Monday, November 7, 2011


Running Up That Hill

On October 9 2010, I arrived in Bucharest, Romania to start my new job as part of the Hospices of Hope organisation. The night before, I was out in London with some friends and while in a restaurant, some very inconsiderate individual walked up behind me and stole my bag from the back of my chair. Inside was my passport, wallet (complete with bank cards, driving licence and cash), iPod, work documents including my contract, a book and my filofax (yep, very Gordon Gekko) with lots of interesting things I’d picked up on my travels over the years. The following morning, I spent the morning running across London to report the theft, apply for and receive a new passport and get to Heathrow all before 5pm to catch the flight to Bucharest. Having taken weeks to pack up my life in the UK to start this new chapter in Moldova, I had to try and get as many documents replicated as possible in the space of a few hours. I’m glad to tell you that I made it but it was one of the most challenging things I have ever had to do.  

Fast forward a year to October 9 2011 and I was about to undertake one of the other biggest challenges I have ever had to face – the Bucharest International Half Marathon. When I arrived at the Hospice offices in Bucharest a year prior, the fundraising team were knee deep in the organisation of the Bucharest International Marathon races at the end of the month. At that moment I decided that I was going to take part in the 2011 race and raise some money for the work of Hospice Angelus in Moldova. Of course, that was the easy part. Despite being overweight and unfit, I thought that if I gave myself a year, this would be more than ample time to train for running 13.1 miles (or 21.1 km). Actually, six months would probably be enough. Right?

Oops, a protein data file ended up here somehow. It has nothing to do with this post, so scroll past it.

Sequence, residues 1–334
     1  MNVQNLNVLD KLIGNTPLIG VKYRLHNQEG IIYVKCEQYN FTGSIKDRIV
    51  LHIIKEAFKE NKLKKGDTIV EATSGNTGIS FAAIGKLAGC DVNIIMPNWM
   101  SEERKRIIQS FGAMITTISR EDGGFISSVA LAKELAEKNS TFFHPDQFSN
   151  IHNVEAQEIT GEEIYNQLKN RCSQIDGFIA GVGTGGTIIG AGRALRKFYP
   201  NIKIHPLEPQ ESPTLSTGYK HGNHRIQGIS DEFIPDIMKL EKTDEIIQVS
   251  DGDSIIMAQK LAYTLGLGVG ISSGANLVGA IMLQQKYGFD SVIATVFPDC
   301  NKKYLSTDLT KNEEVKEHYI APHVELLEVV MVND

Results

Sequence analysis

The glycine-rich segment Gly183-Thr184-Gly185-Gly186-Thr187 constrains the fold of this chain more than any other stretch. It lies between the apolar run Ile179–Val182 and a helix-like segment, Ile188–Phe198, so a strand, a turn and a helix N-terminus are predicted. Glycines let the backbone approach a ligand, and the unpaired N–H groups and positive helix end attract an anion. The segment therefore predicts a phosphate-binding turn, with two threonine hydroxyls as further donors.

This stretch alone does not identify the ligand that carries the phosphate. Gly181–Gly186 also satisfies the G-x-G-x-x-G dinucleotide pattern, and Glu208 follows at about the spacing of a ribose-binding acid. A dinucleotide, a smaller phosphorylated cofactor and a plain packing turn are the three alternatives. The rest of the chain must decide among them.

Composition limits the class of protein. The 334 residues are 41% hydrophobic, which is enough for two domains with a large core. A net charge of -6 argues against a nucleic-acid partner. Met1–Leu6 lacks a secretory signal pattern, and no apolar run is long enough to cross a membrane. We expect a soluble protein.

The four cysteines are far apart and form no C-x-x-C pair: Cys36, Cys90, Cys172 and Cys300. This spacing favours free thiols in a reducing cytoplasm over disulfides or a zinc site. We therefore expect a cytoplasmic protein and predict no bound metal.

In January of 2011 I found a running club called the Chişinău Hash House Harriers here in Moldova which consists of expats and locals who run every second Sunday around the city. For the first few months, I walked the courses and then started properly training for the run around April. A fellow Hasher, Teapot (who I also cajoled into running the full marathon in Bucharest), was consulted and put together a training program for me over a period of six months. It was designed to build up my strength and endurance and kudos to Teapot, because it worked! Admittedly, I didn’t strictly adhere to the program over the six months so by the time that the race came around earlier last month, I wasn’t sure whether I was going to make it.

Joined by Teapot and two other runners raising money for Hospice, Lindsay and Conrad, we arrived at the start line around 8am on 9 October 2011. Sadly, unlike the time we spent in training, it was lashing down with rain and pretty cold. For the parents, who had come over to enjoy the October warmth in Bucharest, they were disappointed that winter had come early but still came out with their Scottish flags in support.

The start line ran up Bulevardul Unirii towards The People's Palace, the second largest building on earth

At 9.30am, the start gun signalled the beginning of the race. Armed with an iPod full of tunes chosen by my sponsors, I was off and the initial view of running up Bulevardul Unirii towards the Palace of the Parliament was great as this still is such an impressive sight to me. Constitution Square, where the Palace stands, is normally the start and finish point of the marathon, however because of a NATO Summit, we had to start further down at Alba Iulia Square. Halfway up Bulevardul Unirii, there was a turn to the left across the man-made River Nistru and it was a long slog for about 2.5km down the edge of the river and 2.5km all the way back up the other side. The weather had kept any supporters at bay for this leg and so it was a bit endless running this part which was straight, dull and not in the slightest bit stimulating. This was when the tunes chosen by my sponsors kept me going – some favourites were Running Bear, Heigh Ho, Kinky Boots and my favourite, Keep On Runnin'.